The year was 1970, and an unpopular conflict was raging in Vietnam.
Topper Avenel, then a baby-faced 22-year-old Navy petty officer 3rd class, found himself trekking behind a handful of Marines carrying out a reconnaissance mission in rocky, mountainous terrain.
Avenel was the rookie of the bunch, having left his young wife behind in the states in order to serve his first tour as the group’s medic.
Then, out of the blue, an explosion erupted. One of the men had tripped a land mine.
Avenel dove behind a boulder just as jagged fragments of metal buried into the flesh of every other member of the team.
There was no time for him to panic. He was their “Doc.”
The group needed him to stay strong. “That’s what they trained me to do,” he said.
Avenel took a deep breath, steadied his hands and moved from one Marine to the next, doing what he could to stanch their bleeding.
One man, Dennis Mills of Centralia, Mo., Avenel’s closest friend on the team, was worse off than the others.
“His pants were saturated with blood. I started examining him and he had nails and glass all in his body,” Avenel said. The young medic took great care to start an intravenous drip and gave the wounded man morphine. “I patched him up the best I could.”
In the process, he helped save Mills’ life. Avenel received the Bronze Star for his efforts.
Now a 66-year-old Summerville resident, Avenel recalled the incident with ease as he sat with his wife Sue, flipping through old scrapbooks recently at their home on Clifton Street.
Avenel remained in the Navy after the war, and went on to retire as a senior chief petty officer after 22 years.
The Vietnam era of his life, however, lingered on his mind as though it happened yesterday, he said. Even more so since Avenel and Mills saw each other in late August for the first time in more than four decades.
The old friends shed tears and swapped stories as they toured the National Museum of the Marine Corps in Quantico, Va., with their families in tow, and paid their respects at Arlington National Cemetery.
The pair had lost touch after Mills was sent back to the states following his injury. But Mills said he often thought of Avenel over the years.
“My kids knew who Doc was ever since they could talk,” Mills said. “I relived it many a time. I was hit in both legs, there was a piece in my back and it came pretty close to my heart. I was messed up pretty bad, but I stayed conscious while Doc fixed me up.”
Mills was stationed in Tennessee while he recovered from his injuries.
Eventually, Avenel made it back home too.
In the initial months, Avenel struggled with night terrors as the stress of war continued to weigh heavily on his mind. The memories grew distant with time as Avenel busied himself with day-to-day life.
It all came crashing to the forefront again in the early ’90s when Avenel received an unexpected phone call.
“I picked up the phone and he said, ‘Doc? This is Mills, Dennis Mills from ’Nam,’” Avenel said. “We just started talking and by the end we were both crying on the phone.”
Mills had tracked his old friend down using a wartime letter Avenel had written that contained contact information.
In the letter, Avenel had asked Mills, who was headed back to the states on leave, to spare a moment in his journey to reach out to Avenel’s wife and wish her a happy birthday.
“I tried for years to call him, but I never could get a hold of him. Finally one day I got a hold of his mom and she gave me his number in South Carolina,” Mills said.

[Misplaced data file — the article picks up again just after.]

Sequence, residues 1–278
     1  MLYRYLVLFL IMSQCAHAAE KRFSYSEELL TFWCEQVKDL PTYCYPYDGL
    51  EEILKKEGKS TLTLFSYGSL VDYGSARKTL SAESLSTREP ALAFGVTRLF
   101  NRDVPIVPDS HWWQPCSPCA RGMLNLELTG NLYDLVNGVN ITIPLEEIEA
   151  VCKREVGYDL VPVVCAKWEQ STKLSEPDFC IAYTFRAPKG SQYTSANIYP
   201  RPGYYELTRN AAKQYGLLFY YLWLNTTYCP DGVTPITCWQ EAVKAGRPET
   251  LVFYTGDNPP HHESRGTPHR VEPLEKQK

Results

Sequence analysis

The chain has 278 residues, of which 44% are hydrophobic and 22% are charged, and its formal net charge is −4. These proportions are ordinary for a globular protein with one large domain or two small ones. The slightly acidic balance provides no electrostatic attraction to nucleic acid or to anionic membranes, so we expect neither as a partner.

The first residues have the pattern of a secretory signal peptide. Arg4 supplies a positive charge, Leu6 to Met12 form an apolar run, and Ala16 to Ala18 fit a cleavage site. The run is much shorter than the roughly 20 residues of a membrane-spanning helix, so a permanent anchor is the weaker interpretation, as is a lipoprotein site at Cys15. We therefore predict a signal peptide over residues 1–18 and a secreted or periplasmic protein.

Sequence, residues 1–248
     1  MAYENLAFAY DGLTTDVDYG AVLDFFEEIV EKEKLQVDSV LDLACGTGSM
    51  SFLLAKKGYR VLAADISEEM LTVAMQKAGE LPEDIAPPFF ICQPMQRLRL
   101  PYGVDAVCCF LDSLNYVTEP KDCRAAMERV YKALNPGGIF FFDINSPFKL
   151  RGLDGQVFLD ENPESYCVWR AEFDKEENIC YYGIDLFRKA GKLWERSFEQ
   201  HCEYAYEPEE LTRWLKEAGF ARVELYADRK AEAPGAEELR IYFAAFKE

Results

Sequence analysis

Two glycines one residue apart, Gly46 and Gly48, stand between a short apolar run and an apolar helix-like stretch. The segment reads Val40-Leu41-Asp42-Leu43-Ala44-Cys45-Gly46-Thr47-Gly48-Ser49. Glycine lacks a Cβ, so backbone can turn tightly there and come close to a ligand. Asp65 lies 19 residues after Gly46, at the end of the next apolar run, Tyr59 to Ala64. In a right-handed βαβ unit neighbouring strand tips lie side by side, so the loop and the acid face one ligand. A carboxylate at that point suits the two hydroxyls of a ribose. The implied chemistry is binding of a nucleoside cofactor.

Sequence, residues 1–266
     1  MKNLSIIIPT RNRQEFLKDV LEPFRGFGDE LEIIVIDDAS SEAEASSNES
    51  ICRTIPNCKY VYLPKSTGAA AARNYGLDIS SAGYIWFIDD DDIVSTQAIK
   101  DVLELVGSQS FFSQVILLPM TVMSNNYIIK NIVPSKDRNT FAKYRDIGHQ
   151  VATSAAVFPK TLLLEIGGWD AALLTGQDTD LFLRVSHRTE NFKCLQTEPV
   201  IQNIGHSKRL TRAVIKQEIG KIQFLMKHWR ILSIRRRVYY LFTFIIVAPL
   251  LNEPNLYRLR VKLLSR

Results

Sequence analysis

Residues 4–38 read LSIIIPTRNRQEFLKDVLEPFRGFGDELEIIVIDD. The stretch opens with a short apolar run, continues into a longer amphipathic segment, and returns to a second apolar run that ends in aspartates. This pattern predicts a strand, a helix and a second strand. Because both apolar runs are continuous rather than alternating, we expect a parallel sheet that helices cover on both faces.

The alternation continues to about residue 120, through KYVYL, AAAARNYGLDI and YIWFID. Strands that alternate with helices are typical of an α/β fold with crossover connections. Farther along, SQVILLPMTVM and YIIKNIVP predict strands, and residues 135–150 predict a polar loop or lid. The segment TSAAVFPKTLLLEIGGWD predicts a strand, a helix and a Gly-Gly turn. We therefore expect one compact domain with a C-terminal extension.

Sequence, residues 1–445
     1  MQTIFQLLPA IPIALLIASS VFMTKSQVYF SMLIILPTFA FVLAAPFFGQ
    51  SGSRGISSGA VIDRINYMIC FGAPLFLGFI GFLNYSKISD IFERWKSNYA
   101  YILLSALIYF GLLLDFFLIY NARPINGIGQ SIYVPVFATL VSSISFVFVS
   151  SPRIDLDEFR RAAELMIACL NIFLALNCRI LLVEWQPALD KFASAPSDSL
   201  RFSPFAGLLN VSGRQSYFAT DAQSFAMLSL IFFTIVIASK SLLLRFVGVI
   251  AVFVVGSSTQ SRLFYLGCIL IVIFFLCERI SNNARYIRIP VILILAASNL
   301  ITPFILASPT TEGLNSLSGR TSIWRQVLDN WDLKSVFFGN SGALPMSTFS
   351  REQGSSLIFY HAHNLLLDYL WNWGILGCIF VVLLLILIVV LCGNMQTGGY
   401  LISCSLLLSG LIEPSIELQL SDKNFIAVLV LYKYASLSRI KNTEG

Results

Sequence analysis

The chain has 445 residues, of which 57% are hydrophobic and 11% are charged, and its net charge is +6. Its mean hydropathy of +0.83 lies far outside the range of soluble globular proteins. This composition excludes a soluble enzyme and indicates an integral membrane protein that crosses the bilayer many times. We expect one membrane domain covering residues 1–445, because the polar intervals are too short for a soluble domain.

Avenel and Mills talked periodically around the Veteran’s Day and Memorial Day holidays, but didn’t see each other in person until this year.
Avenel’s wife Sue said she was touched during the reunion to learn that Mills’ loved ones cared about her husband as though he were a member of their own family.
“He said had it not been for ‘Doc,’ he never would have gotten married, or had a family. He never would have made it back alive.
“His children said their dad had talked about ‘Doc’ ever since they could remember. It was like he was always in their conversation. The grandchildren knew him, even though they had never met him. It was heartwarming to me,” she said.
Mills said he and Avenel plan to visit one another again in the future.
“It would be great to see some of the other guys too. I just wish we’d done it sooner. I regret waiting 43 years,” Mills said.
Reach Christina Elmore at 937-5908 or at Twitter.com/celmorePC.
Topper Avenel gave this letter to Dennis Mills back in 1969 when Mills was returning from Vietnam and asked Mills to contact his wife, Sue and let her know he was doing fine and loved her. (Brad Nettles/postandcourier.com) 9/26/13×
Vietnam veteran Topper Avenel shows the letter he gave to Dennis Mills when Mills was sent home after being wounded in Vietnam back in 1969. The letter contained a phone number to Avenel's wife Sue and ask Mills to let her know he was alright and that he loved her. (Brad Nettles/postandcourier.com) 9/26/13×
Sue Avenel listens as her husband Topper talks about the day he saved Dennis Mills’ life while on patrol in Vietnam in 1970. Above, the pair pose for a photograph in Vietnam in 1969.×
Vietnam veterans Topper Avenel (left) and Dennis Mills stand together at the Marine National Museum. Avenel, a medic, saved Mills’ life in 1970 during a patrol.×
Topper Avenel gave this letter to Dennis Mills in 1969 asking Mills to contact his wife, Sue, upon Mills’ return from Vietnam.×
Notice about comments:
The Post and Courier is pleased to offer readers the enhanced ability to comment on stories. Some of the comments may be reprinted elsewhere in the site or in the newspaper. We ask that you refrain from profanity, hate speech, personal comments and remarks that are off point.